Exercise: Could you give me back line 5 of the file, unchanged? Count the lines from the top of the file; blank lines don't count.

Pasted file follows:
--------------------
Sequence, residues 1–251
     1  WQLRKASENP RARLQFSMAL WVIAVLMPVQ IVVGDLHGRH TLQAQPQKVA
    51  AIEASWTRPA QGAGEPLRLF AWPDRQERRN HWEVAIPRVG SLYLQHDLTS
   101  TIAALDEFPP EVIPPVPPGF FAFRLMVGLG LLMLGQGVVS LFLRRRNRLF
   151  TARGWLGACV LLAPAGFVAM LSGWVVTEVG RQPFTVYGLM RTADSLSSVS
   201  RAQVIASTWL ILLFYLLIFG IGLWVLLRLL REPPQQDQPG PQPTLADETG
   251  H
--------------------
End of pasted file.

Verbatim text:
   151  TARGWLGACV LLAPAGFVAM LSGWVVTEVG RQPFTVYGLM RTADSLSSVS